New Massachusetts Regulations Could Send Churchgoers to Jail for Not Capitulating to Transgenderism's Beliefs

The LGBT activist community can put one up on the board against the the private practice of religion in Massachusetts, due to new regulatory language that forces churches to recognize gender identities from transgendered individuals.

According to the “guidance,” any church that holds secular events, such as sponsored fairs, or social gatherings, must adhere to transgendered individuals identities…or else. That “or else,” being a fine upward of $2,500, or a years worth of jail time, or both. This may also include damages to the aggrieved.

Problem is, many church gatherings that are considered “secular,” aren’t really secular at all. In fact, they’re still church functions with that attempt a pressure free intro into the church for potential converts. The event is still has religious aims and overtones, the only thing that makes it “secular” is that they aren’t stopping to sing worship songs, or listening to a sermon.

Furthermore, it doesn’t just boil down to restrooms. Discrimination can still occur just by religious people speaking about their religious ideals, and as Eugene Volokh of the Washington Post says, this could qualify as discrimination via a hostile environment.

Under Massachusetts law, refusing to use a transgender person’s preferred pronoun would be punishable discrimination. (At least this is true of “he” or “she” — I saw nothing in the document about “ze” and other newly made-up pronouns.) The Massachusetts document I linked to makes that clear in the employment context, and it also makes clear that the antidiscrimination law rules apply to places of public accommodations (including churches, in “secular events” “open to the public”) just as much as to employment.

Indeed, a church might be liable even for statements by its congregants (and not just its volunteers, who are acting as agents) that are critical of transgender people. Tolerating such remarks is generally seen as allowing a “hostile environment,” and therefore “harassment.” Indeed, the statement I linked to specifically encourages people to “prohibit derogatory comments or jokes about transgender persons from employees, clients, vendors and any others, and promptly investigate and discipline persons who engage in discriminatory conduct” (emphasis added). But that’s not just encouragement; it simply reflects hostile work environment harassment law, which has long required employers to restrict derogatory speech by clients, to prevent “hostile environments.” See 29 C.F.R. § 1604.11. The same logic applies for places of public accommodation, which Massachusetts says can include churches.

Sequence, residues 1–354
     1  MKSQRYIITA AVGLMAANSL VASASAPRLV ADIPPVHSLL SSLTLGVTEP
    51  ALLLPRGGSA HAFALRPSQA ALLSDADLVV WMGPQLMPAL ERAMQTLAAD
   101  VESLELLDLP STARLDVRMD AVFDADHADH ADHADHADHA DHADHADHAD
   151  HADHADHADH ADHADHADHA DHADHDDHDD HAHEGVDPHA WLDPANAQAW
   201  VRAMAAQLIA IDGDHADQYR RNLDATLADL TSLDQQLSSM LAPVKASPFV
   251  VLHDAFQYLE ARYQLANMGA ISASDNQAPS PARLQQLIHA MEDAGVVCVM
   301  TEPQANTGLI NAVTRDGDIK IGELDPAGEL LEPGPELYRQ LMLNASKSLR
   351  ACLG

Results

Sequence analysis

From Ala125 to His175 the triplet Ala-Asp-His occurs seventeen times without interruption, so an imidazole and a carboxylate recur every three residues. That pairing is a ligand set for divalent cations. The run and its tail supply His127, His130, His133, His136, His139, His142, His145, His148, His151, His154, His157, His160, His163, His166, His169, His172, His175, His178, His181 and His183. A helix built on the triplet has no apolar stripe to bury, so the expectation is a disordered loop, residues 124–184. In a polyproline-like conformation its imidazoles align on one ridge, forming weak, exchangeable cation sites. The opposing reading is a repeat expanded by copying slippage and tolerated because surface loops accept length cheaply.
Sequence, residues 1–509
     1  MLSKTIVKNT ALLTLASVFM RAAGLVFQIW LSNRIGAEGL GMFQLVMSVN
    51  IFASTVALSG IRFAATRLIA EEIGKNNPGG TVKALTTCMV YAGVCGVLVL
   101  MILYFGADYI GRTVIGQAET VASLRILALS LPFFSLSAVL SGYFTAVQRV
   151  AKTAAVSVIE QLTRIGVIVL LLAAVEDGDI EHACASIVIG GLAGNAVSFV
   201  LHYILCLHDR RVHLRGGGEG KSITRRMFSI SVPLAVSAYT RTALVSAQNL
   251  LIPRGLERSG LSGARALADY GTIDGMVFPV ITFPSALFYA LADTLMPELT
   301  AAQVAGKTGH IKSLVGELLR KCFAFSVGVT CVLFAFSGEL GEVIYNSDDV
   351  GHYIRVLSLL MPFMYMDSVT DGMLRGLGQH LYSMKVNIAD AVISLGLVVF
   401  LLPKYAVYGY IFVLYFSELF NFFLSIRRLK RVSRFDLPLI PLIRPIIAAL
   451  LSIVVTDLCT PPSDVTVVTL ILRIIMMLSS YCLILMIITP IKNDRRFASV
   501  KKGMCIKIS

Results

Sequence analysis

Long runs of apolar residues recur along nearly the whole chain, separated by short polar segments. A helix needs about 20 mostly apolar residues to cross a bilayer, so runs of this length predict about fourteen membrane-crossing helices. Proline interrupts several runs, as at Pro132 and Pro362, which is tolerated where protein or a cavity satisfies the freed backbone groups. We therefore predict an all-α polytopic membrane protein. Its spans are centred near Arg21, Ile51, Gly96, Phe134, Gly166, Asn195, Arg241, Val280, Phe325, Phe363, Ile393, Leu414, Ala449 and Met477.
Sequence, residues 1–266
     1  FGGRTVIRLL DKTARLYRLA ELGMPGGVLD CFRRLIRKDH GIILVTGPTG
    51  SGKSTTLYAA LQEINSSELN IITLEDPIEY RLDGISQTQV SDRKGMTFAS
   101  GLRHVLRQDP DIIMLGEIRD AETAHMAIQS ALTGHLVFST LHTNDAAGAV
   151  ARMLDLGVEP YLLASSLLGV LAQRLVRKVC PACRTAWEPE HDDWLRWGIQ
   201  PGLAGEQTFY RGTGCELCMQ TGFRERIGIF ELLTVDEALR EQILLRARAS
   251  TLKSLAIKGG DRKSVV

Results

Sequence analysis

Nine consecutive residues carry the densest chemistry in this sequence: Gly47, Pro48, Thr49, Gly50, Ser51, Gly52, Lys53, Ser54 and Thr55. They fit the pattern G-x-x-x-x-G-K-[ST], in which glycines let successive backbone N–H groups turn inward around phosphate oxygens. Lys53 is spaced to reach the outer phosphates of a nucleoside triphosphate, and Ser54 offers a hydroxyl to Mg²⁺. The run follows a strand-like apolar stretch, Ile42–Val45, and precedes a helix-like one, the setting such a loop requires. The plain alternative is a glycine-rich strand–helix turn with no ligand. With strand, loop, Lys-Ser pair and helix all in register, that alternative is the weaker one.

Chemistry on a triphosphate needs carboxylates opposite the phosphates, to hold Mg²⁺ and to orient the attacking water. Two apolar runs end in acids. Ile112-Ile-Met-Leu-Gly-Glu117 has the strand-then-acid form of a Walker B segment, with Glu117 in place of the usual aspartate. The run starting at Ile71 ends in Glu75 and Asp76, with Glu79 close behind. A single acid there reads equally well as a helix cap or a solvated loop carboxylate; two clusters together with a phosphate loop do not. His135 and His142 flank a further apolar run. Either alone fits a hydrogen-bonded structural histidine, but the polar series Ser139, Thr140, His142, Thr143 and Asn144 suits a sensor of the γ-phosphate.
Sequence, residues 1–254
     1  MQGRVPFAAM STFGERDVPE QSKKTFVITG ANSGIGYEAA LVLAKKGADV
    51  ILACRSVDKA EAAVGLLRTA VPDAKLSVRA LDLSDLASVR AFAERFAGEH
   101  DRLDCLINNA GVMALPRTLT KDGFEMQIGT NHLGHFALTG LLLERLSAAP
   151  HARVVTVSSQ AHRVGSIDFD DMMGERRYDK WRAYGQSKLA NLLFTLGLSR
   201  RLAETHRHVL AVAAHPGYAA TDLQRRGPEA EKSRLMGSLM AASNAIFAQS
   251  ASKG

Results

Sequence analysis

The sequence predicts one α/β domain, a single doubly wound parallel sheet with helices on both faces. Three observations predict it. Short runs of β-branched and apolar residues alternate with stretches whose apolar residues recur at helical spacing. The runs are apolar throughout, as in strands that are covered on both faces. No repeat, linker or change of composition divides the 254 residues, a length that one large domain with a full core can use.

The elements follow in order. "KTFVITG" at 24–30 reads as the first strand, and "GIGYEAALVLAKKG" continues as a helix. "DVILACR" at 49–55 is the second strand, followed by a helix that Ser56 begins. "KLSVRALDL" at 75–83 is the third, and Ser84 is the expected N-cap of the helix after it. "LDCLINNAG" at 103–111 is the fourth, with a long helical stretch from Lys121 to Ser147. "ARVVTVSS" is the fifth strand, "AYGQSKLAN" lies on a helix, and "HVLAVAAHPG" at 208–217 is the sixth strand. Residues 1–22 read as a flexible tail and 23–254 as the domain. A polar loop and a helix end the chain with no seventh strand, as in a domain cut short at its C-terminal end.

So a church employee who speaks honestly about transgendered people, or – it appears – a person at these functions who disagrees with the transgender belief system, and is not immediately removed, could cost the church a lot of money, and someone some jail time.

Let me reiterate. Someone can go to jail for speaking their mind about transgendered people at a church.

These rules kick in on October 1st, and according to, it’s a system that can’t get here soon enough. According to this LGBT activist organization, it “protects” all people in Massachusetts, and is “fair.”

The guidelines are clear, fair, and protect the safety of all people in Massachusetts. Finally, transgender people have safe and secure access to all public accommodations in the state. We look forward to October 1 when the law goes into full effect and we can breathe a sigh of relief knowing that the public safety of all people will be protected.”

The “safety of everyone will be protected” line may be one of the most blatant lies ever told about a law. If just saying words can send you to jail, or break your wallet, then safety has gone right out the door. The LGBT activists don’t seem to be the least concerned about free speech, and how those who attempt to practice it are not at all safe. The only thing being kept safe here are the feelings of transgendered individuals at the expense of everyone else’s freedom.

Whether this law will survive Supreme Court scrutiny remains to be seen, but if the 1st Amendment is clear on anything, it’s that “guidance” like this doesn’t fly in this country.

Recently, the transgender community has been engaged in battles that involve forcing transgenderism’s ideals on people, including a recent case where a young man claiming to a be a woman committed lewd acts, and bulled girls in their locker room, and the school completely ignored it. The LGBT activist community even went so far as to paint the teen boy as the good guy in the situation, and the girls – who were brought to tears – as bigots.

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